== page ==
Some actors and actresses are happy to live a life that entails standing in front of the camera, saying their lines, looking pretty, and enjoying the affluence and privileges that come with being famous. Asides the foregoing, they care less about people around them. It is a culture that has made regular people consider Hollywood members to be out of touch. However, amongst the multitude of people whose wealth and fame has driven away from the issues facing the common man, there are still a few whose life work and legacy crossed the boundaries of film into affecting real-life issues. One of such standouts was Bea Arthur, the award-winning actresses whose excellence was much in front of the screen as it was off of it.
Who is Bea Arthur and what could a look through her professional career teach modern actors and actresses? Keep reading below to find out.
Who Was Bea Arthur?
Bea Arthur was born as ‘Bernice Frankel’ on the 13th of May, 1922 to the middle-class family of Rebecca and Phillip Frankel in New York. Born to Jewish parents, she, along with her sisters, Gertrude and Marian, was raised in a period when Jewish people were overtly discriminated against. It is possible Bea’s adult life of activism was as a result of her childhood experiences.
Her parents’ enterprising nature took them to Cambridge, Maryland. While the family was in Maryland, Beatrice developed a medical condition that kept her blood from clotting called coagulopathy.
While Bea Arthur was a young adult and had completed her basic education, World War II began. Not looking to sit back while someone else fought the battles she should be fighting for herself, she joined the army and served as a truck driver and typist. She served under the United States Marine Corps and finished her service as a Staff Sergeant.
When she returned home, she was faced with the decision of determining what she wants to do with the rest of her life. Although Bea Arthur originally wanted to pursue a career in medicine, she abandoned it and chose acting instead.
Having chosen to be an actor, she quickly began her education to be one, applying and studying at the Dramatic Workshop of the New School in New York. While she learned, she became part of a theatre group that produced off-Broadway plays at the Cherry Lane Theatre.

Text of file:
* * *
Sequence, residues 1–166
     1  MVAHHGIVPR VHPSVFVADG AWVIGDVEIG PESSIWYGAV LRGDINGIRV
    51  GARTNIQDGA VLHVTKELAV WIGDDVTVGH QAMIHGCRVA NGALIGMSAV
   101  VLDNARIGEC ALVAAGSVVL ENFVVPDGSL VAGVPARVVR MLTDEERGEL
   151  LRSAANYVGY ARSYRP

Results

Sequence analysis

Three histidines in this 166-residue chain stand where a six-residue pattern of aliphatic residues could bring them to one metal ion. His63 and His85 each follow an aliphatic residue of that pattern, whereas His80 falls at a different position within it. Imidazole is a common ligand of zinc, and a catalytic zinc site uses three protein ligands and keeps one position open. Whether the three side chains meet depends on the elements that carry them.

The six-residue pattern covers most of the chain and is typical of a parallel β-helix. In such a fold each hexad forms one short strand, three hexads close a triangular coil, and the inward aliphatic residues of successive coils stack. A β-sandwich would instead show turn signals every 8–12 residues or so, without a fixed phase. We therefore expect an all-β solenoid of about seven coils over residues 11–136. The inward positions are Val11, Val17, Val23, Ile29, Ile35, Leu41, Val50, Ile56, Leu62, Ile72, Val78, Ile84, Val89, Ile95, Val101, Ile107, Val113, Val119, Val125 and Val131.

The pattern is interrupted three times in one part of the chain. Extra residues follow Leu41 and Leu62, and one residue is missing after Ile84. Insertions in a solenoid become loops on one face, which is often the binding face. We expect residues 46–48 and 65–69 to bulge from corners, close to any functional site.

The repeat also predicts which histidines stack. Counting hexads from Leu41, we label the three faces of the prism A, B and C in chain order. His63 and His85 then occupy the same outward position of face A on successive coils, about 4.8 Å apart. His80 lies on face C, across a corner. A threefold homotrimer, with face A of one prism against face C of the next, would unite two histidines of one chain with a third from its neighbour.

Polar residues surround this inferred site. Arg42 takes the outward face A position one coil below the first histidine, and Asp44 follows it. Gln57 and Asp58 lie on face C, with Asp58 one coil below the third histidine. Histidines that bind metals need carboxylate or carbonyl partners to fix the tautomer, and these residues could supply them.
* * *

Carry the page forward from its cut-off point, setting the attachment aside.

Before she starred in the musical Mame, which earned her recognition across the theatre and film scene, she participated in a few plays including a Broadway called Fiddler on the Roof. Her role as Vera Charles in Mame earned her a Tony award for Best Featured Actress in a Musical, a culmination of her short but successful theatre career.
The glory of Bea Arthur’s acting career shone mostly on Television and it all started after a guest appearance on All in the Family. Appearing as an outspoken liberal feminist, Beatrice’s character, Maude, was well received by the studio executives and the audience and she was immediately given her own show – off just one-episode appearance.
She would go on to star as the lead in the show titled Maude. With the show, Maude lent her voice to the social and political issues of the time, ranging from the Vietnam War, alcoholism, women’s liberation, gay rights, and many others. The show was an instant success, with its Thanksgiving Special recording a reported 65 million viewers.
After Maude, Beatrice appeared in a few other shows before she joined The Golden Girls. The show earned Beatrice her second major acting award, winning an Emmy in 1988.
When it came to feature films, however, Beatrice did not appear in a lot of them despite her fame. Her few notable appearances include a reprisal of her role as Vera Charles in the film adaptation of Mame and a 1995 movie, For Better or Worse.
As a woman who was never content just being a Hollywood princess, she was an activist for issues such as animal and LGBT rights.
Was She Gay?
Although she had a lasting personal relationship with Adrienne Barbeau who was her co-star on Maude, which, along with her fervent defence of gay rights, sparked rumours that she was gay, but Bea Arthur was as straight as they came. She was married twice in her lifetime, both times to men.
Her first marriage was to a fellow marine, Robert Alan Aurthur, who she married when she was in the military. Though the two later got divorced, Bea kept using his surname – albeit a modified spelling of the name. Robert later found a career in the entertainment industry as well, becoming a screenwriter, director and film producer.
Her next marriage was to Gene Saks, an American director in 1950. The couple adopted two sons – Matthew and Daniel – together. The two sadly got divorced in 1978, after nearly three decades together.
What Was Her Net Worth?
A successful and inspiring career helped Bea Arthur amass a net worth of $8 million. Her successful and iconic shows like Maude and The Golden Girls were huge commercial hits and made a considerable impact on the material value of Bea’s work.
Cause of Death
After a long and accomplished life, Bea Arthur died in her home on April 25, 2009, of lung cancer. After her death, her body was cremated and her ashes spread throughout Miami per her wishes. She is survived by two sons, two granddaughters and a legacy of using her fame and influence to help people around the world.